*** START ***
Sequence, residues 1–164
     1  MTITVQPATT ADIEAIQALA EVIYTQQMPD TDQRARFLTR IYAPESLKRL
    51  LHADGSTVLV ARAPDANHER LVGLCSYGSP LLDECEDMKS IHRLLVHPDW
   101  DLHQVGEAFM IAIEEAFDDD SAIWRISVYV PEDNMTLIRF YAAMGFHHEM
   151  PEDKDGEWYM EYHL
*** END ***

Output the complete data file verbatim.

Sequence, residues 1–164
     1  MTITVQPATT ADIEAIQALA EVIYTQQMPD TDQRARFLTR IYAPESLKRL
    51  LHADGSTVLV ARAPDANHER LVGLCSYGSP LLDECEDMKS IHRLLVHPDW
   101  DLHQVGEAFM IAIEEAFDDD SAIWRISVYV PEDNMTLIRF YAAMGFHHEM
   151  PEDKDGEWYM EYHL